• She then joined two or three different blogging groups. One was a group of authors who wrote romance, and another team wrote in various genres. Everyone in the groups would share each others’ blog posts online, and her following grew.

Why Sharon Hamilton Writes about Navy Seals

  • Sharon just completed Sleeper Seals. A group of authors who all write military romantic suspense novels decided to coordinate a central theme and release a serial together. Her novel was book five in the series.
  • There is one commander in the series, and each author writes about a different character. She said it’s an excellent way to cross-market books. Several of the books hit the USA Today list. She thinks it’s a solid concept in selling books.
  • Central to Sharon’s books are characters who are Navy Seals. She does that because when her son graduated high school, he decided to become a Navy Seal. Once he passed the training, Sharon learned a lot about the Seals and being a Seal family. In her stories, she uses a lot of the information she has acquired about the Navy Seal community.

Street Teams and Facebook Groups

She developed a street team when a reader came up to her and created a Facebook author page for Sharon. Then the same reader helped Sharon build a street team. The street team became so large that Sharon encouraged many of them to join a Facebook group she calls the Rockin’ Readers.

Sharon eventually streamlined her street team to just eight to ten people who share information about her books. Her Facebook group will occasionally help her post information about her books. She’s had the Facebook group for about six years, and it has more than 500 members. The only rule of the group is that the only books promoted are Sharon’s.

She thinks that the street team and Facebook group are the best way to get the word out about her books. Having a connection with the fans is integral to her success, and she believes any author’s success. Her fans find Sharon.

Sharon also sponsors contests from time to time. To the winners, she sends a variety of t-shirts, books, patches, dog tags, and red wristbands.

Sharon uses eClincher and MeetEdgar to schedule her social media posts. She has 35,000 Likes on her page.

Newsletters, Contests and BookBub Ads

  • She also has a newsletter that goes out once a month. Her readers receive information about new books and excerpts that couldn’t get otherwise. She used to do Facebook parties once a month but believes they are a passing thing.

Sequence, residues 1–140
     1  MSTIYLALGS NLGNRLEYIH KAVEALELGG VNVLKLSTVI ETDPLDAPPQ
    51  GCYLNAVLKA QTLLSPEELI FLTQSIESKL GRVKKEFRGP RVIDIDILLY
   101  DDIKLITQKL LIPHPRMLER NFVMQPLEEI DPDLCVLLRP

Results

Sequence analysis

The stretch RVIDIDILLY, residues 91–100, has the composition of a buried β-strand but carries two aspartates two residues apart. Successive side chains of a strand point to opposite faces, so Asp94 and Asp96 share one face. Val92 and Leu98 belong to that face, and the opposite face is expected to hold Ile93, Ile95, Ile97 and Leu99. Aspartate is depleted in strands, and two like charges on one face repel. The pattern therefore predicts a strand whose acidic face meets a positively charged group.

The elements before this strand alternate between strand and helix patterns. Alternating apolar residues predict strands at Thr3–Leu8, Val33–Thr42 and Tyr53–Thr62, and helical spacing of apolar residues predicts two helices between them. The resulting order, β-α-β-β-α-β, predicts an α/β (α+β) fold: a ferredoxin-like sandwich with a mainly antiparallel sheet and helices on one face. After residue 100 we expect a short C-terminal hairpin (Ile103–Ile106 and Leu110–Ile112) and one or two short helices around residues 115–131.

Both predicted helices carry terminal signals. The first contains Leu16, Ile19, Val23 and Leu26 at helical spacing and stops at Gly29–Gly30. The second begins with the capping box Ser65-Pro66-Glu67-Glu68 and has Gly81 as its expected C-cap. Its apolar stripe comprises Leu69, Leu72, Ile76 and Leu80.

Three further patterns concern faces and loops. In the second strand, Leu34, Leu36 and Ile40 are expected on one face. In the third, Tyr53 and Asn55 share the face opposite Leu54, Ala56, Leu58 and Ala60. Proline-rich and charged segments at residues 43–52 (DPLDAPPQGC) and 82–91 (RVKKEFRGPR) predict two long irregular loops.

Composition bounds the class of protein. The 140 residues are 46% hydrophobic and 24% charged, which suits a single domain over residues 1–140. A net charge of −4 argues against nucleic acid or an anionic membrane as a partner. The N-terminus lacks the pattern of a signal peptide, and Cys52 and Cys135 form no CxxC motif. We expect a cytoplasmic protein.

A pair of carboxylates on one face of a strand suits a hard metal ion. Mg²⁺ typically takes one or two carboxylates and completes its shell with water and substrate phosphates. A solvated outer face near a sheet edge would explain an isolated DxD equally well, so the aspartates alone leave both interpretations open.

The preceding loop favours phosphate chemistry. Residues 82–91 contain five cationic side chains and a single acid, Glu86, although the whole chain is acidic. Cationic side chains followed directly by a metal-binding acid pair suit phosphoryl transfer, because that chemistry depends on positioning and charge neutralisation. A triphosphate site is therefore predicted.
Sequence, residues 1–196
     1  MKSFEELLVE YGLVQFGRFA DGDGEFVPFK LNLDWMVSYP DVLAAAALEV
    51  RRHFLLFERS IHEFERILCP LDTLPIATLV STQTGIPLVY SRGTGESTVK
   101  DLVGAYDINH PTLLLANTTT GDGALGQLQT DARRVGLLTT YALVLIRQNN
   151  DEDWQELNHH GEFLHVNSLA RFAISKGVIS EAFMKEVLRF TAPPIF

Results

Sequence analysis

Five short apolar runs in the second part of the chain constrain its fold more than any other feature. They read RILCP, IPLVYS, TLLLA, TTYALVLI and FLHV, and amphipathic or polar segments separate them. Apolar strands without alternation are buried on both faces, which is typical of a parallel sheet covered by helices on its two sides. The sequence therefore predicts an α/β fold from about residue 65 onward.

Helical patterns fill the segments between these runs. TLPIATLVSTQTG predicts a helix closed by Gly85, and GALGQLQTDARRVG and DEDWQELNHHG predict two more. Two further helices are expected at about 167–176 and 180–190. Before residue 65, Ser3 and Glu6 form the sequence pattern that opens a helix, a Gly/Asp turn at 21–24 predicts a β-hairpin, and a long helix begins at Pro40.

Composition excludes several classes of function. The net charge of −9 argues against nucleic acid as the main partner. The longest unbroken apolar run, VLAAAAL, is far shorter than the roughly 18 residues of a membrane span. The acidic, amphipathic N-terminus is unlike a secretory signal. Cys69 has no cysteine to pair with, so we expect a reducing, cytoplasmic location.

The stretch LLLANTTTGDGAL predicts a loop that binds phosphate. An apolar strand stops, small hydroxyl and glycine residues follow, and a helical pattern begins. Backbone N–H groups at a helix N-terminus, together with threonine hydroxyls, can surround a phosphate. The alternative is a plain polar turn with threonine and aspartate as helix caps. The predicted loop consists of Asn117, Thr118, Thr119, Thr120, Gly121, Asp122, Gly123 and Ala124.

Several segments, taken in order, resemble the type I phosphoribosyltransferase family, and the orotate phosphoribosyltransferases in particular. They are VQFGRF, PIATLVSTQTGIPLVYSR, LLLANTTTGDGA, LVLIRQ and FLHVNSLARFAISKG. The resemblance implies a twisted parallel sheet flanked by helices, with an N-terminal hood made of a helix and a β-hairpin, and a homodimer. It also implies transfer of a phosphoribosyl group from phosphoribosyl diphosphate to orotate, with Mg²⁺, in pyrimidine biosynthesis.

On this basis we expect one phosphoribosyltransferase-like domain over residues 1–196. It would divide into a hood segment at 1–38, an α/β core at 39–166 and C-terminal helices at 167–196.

• She sponsors a contest on WriterSpace once a month. She also does BookBub ads for pre-orders and new book launches but hasn’t don’t a BookBub promotion yet.
  • She spends more on BookBub ads than anything else. She recently sold 10,000 of her boxed sets with her latest BookBub ad versus the 50 boxed sets a day she would typically sell without the advertisement.
  • She also does Facebook ads using her book trailers. Those generate a lot of interest.
  • She encourages people to follow her on BookBub and Amazon, so even if they lose touch with her on Facebook, her readers will get notices about her books from other venues.
  • Sharon has discovered that her readers like to have boxed sets at a discounted price. She finds that the boxed sets don’t rob from sales of the individual books.
  • The first book in her series Accidental Seal has been free for three years. Once readers read the free book, they become interested in the rest of the series and hopefully those readers will read her other books as well. A series really works, she says. She also bundles her audio books.

The next webinar will be on February 6 at 10 am PST / 1 pm EST and feature Ricardo Fayet from Reedsy. We’ll be discussing book marketing and Facebook ads. Stay tuned for more information about that webinar.

Frances CaballoAuthor of this blogFrances Caballo is an author and social media strategist and manager for writers. She’s a regular speaker at the San Francisco Writers Conference. In addition, she’s a contributing writer at TheBookDesigner.com, and blogger and Social Media Expert for BookWorks. She’s written several social media books including the 2nd edition of Social Media Just for Writers and The Author’s Guide to Goodreads. Her focus is on helping authors surmount the barriers that keep them from flourishing online, building their platform, finding new readers, and selling more books. Her clients include authors of every genre and writers’ conferences. Not sure how you’re doing online? Sign up for my free email course.

Practical tips for marketing your books on the social web

 

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Indie Author Weekly Update – January 19, 2018

Indie Author Weekly Update